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You are here: Home Archive 2018 Horstmann, Alexander, Saxer, Martin and Rippa, Alessandro (eds.): Routledge Handbook of Asian Borderlands

Horstmann, Alexander, Saxer, Martin and Rippa, Alessandro (eds.): Routledge Handbook of Asian Borderlands

Book review Erdkunde 72 (4) 2018, 330-331 by Hermann Kreutzmann

Horstmann, Alexander, Saxer, Martin and Rippa, Alessandro (eds.): Routledge Handbook of Asian Borderlands. XXI, 462 pp. 100 figures, 21 maps and 2 tables. Routledge. London and New York 2018. ISBN 978-1-138-91750-7. £ 175.00.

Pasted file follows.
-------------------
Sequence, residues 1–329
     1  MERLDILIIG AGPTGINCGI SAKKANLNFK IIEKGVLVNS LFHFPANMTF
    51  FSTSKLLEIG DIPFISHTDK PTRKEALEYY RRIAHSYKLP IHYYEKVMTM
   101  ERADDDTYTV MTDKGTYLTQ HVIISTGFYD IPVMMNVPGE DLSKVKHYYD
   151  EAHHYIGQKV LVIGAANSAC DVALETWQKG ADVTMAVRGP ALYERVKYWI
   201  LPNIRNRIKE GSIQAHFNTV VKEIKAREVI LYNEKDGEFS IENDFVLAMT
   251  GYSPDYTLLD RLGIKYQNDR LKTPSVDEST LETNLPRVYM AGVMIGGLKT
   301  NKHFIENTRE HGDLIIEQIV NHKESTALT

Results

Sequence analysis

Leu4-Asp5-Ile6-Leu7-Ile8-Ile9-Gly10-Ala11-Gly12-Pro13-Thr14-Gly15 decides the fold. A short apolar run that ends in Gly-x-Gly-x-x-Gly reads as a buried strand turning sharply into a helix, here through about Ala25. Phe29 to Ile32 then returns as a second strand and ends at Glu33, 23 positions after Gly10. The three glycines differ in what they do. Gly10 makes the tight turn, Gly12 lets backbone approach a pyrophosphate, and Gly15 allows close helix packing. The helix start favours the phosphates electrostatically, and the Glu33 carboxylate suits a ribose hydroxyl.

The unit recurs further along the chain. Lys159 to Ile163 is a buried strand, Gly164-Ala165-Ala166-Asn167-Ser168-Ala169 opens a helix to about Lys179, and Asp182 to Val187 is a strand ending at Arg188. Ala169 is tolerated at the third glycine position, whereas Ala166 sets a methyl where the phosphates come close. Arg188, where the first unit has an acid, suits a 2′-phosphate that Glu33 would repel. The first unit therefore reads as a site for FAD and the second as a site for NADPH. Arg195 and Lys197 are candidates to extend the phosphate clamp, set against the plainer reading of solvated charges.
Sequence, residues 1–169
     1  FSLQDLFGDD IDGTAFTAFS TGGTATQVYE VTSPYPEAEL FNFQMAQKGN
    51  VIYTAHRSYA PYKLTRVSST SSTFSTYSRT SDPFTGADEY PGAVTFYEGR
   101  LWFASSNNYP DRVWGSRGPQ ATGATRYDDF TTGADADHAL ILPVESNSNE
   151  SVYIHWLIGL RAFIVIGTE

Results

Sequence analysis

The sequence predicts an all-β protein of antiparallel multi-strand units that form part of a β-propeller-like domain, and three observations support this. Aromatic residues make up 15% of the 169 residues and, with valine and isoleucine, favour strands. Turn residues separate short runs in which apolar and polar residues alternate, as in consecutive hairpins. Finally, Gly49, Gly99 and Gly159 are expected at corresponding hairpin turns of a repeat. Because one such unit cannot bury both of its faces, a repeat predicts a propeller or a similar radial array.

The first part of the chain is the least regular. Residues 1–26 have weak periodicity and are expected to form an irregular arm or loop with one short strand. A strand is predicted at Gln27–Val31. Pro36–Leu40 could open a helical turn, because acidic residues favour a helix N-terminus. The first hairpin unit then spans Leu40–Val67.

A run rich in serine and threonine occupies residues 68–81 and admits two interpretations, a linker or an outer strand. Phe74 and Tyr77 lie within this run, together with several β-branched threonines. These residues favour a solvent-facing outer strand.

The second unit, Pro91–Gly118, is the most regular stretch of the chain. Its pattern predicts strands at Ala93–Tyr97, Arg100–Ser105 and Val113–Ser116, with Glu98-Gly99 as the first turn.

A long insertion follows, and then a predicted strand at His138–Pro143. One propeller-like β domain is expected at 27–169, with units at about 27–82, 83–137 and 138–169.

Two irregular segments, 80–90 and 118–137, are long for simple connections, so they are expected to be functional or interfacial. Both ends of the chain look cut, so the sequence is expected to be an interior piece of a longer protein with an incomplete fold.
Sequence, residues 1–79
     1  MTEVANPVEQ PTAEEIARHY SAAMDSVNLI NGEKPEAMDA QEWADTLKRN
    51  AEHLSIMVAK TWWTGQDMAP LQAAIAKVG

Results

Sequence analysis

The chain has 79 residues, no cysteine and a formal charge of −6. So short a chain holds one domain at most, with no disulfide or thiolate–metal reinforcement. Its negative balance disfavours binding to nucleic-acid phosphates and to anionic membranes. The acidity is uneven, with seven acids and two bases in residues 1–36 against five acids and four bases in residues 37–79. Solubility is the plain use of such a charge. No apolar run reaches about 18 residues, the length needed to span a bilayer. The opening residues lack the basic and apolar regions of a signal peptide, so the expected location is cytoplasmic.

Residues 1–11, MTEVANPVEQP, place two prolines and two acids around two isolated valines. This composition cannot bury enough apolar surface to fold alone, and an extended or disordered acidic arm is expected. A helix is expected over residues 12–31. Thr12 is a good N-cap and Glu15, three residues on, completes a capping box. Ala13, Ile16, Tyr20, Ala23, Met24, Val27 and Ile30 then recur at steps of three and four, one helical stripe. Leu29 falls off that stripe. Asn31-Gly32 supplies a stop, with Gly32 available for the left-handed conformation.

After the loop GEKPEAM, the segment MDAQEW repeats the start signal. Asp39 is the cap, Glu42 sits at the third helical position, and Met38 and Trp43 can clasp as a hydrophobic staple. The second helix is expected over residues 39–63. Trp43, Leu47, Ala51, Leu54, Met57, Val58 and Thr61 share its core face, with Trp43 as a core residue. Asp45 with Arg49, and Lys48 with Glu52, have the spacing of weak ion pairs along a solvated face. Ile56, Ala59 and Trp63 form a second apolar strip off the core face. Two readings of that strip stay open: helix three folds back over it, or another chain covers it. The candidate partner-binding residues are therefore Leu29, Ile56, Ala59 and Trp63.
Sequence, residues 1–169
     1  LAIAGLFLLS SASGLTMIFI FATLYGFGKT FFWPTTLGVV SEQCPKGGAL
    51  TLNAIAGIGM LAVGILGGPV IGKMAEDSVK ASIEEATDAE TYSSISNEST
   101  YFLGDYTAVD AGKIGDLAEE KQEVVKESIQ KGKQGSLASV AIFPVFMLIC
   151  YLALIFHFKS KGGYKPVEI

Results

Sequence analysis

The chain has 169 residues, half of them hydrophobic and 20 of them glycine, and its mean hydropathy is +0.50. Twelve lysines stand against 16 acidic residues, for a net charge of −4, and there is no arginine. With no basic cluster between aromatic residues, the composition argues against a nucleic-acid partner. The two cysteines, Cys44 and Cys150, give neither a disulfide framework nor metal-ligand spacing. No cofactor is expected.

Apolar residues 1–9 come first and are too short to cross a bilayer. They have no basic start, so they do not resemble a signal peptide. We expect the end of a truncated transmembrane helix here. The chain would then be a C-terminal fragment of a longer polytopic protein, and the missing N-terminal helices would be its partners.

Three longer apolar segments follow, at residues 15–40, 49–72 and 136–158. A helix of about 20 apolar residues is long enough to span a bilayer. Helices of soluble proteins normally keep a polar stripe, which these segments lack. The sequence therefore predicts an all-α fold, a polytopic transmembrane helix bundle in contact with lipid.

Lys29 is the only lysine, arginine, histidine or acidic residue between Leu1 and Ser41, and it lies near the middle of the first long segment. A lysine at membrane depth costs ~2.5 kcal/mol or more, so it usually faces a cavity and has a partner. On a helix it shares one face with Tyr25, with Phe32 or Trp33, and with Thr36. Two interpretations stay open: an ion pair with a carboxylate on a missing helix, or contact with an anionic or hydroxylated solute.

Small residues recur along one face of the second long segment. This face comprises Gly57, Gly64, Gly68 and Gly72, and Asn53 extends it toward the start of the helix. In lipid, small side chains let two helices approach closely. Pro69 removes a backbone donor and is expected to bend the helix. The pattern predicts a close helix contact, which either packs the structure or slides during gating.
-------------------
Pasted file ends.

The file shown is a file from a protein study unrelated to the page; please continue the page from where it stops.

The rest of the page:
The topic of Asian borderlands has been the object of several studies since the delineation and demarcation of most of the existing borders commenced in the nineteenth century. Research themes, disciplines and focus of interest have changed over time. The search for ‘natural’ and ‘scientific’ borders in the framework of imperialism suggested the existence of an objective and agreeable separation of spatial territories that was promoted by the actors of boundary-making themselves. The contemporary debates diverted the attention from the colonial project of domination and exploitation by separating civilisations, cultural and ecological areas, ethnic groups and nationalities. A new turn in discussing borderlands emerged in the phase of post-World War II decolonisation with the emergence of newly independent states and resultant boundary conflicts. Academic treatment of borderlands has initially focused on legal aspects of placing boundary lines of separation, on political aspects of disputed territories, irredentism movements, right of self-determinism for minorities, quests for regional autonomy and refugee movements across borders. Borderlands were perceived as clear-cut areas that separated somewhat homogenous entities on both sides of the boundary. Cold War perceptions supported the acceptance of borders as impenetrable given lines of separation. The project of pursuing political stability incorporated boundary-making on various levels independent of ideological affiliations.